Suppose that the catalytic scene in “A Star Is Born” wasn’t thrilling but chilling – not some chance encounter, but a mass school shooting. That’s the opening, darkly distinguishing chord struck by “Vox Lux,” an indie meditation on pop celebrity from young actor-turned-filmmaker Brady Corbet and top-billed Natalie Portman.
Powerful as the early action’s mingling of stardust and horror is, though — and Corbet successfully goes to this particular well more than once — it’s also a precursor of the film’s progressively indulgent tonal freestyling. After a point, we’re left wondering whether we’re watching a character study or caricature. Either way, the portrait gradually morphs from intriguing to tedious.
Raffey Cassidy (“Tomorrowland”) plays Portman’s Celeste as a young teen, a miracle survivor of her school’s tragedy who channels the ordeal into a plaintive ballad. A sympathetic public embraces the candlelight-vigil tune as an anthem, and — as Willem Dafoe details in solemn, “Behind the Music”-mocking narration — the record industry’s star-making machinery gets cranking, helmed by Celeste’s jaded yet protective new manager (Jude Law). Choreograph some dance moves that compensate for her post-shooting spinal aches and fab-ulize her scar-concealing choker, and our girl is on her way. Triumphant, or slightly twisted? It’s quite a question to ponder.
Cut to “Act II — Regenesis,” as it’s titled with ironic grandiosity, and the wreck that is Portman’s now-adult Celeste. Scraggily resplendent in hard-livin’ rockabilly wear, she’s supposed to be doing publicity and a kickoff concert for her new sci-fi concept album, “Vox Lux.” Except that she’s distracted by family issues with her semi-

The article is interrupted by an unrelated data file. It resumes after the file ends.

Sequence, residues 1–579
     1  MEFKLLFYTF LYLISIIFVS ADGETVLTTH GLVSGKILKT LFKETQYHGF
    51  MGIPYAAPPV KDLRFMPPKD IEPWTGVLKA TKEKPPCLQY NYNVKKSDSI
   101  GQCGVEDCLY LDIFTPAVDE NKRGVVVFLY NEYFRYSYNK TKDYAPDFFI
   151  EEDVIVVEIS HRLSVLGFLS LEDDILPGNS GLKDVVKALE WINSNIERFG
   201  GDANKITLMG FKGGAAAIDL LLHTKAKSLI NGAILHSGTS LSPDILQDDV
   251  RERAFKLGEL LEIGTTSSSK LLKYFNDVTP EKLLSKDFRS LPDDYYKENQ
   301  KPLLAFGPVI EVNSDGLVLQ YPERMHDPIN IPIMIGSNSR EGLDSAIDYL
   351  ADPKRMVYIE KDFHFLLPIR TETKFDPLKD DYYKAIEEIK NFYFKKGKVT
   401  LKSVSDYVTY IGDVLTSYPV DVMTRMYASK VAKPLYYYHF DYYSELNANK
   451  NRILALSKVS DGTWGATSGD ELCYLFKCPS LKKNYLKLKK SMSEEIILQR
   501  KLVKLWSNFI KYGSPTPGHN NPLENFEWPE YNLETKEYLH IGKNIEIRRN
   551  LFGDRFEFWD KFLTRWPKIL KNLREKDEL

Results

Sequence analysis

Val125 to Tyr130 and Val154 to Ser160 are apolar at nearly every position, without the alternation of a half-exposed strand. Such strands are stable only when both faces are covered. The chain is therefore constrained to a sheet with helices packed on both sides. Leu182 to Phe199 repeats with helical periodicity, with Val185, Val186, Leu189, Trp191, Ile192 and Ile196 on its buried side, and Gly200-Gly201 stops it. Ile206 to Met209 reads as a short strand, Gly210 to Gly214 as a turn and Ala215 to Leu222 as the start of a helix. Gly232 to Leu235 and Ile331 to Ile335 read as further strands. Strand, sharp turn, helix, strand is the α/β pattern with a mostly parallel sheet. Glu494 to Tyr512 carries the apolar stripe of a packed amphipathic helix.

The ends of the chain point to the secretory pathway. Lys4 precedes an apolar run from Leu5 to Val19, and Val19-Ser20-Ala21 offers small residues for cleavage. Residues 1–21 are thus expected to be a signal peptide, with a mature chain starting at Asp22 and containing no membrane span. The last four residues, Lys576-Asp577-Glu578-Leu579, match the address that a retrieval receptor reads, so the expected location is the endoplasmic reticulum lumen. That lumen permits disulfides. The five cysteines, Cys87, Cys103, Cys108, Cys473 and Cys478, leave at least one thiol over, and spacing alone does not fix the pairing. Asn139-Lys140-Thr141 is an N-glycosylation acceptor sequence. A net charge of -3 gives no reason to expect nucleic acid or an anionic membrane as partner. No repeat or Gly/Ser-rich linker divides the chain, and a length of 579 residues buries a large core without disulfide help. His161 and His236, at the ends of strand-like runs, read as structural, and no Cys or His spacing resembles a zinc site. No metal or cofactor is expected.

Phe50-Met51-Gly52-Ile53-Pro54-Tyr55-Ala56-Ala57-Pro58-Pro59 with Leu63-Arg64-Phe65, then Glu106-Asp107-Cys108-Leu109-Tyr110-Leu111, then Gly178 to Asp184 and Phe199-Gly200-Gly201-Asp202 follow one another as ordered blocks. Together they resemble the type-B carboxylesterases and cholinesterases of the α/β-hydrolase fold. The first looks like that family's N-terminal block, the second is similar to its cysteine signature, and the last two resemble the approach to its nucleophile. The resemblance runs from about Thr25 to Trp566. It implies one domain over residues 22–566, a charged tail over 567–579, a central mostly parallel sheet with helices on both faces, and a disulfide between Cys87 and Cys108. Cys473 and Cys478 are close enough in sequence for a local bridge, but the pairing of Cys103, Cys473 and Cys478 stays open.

estranged daughter (Cassidy again). And by lingering fallout from a methanol binge (!). And by enabling from Law’s fellow backslider, who maybe isn’t so protective after all. And by her unfortunate, tangential connection to further unspeakable violence — terrorism this time, a provocative story thread that’s under-examined.
That’s a lot to cover, and you suspect the film might have managed it better with more restraint. Portman can be a curiosity in how markedly she ranges from standout (“Jackie”) to spotty (“Star Wars”) depending on the director — and here, her performance goes way over the top. The onetime child actor knows from adolescent spotlights, yet a culminating dressing-room breakdown feels more overdone than emotionally authentic. (We could also do with less of her Noo Yawk accent, and Law’s.)
At least there’s interest in seeing Portman apply a “Black Swan” level of commitment to her glittery, Sia-penned concert routine, even if it reminds us what bop-along suckers we can be for style, never mind the substance. Assuming that’s among the points Corbet is out to make, it’s an apt one.
Written and directed by Brady Corbet. Starring Natalie Portman, Jude Law, Raffey Cassidy. Boston Common, Somerville, suburbs. 110 minutes. R (language, some strong violence, drug content)
Tom Russo can be reached at firstname.lastname@example.org.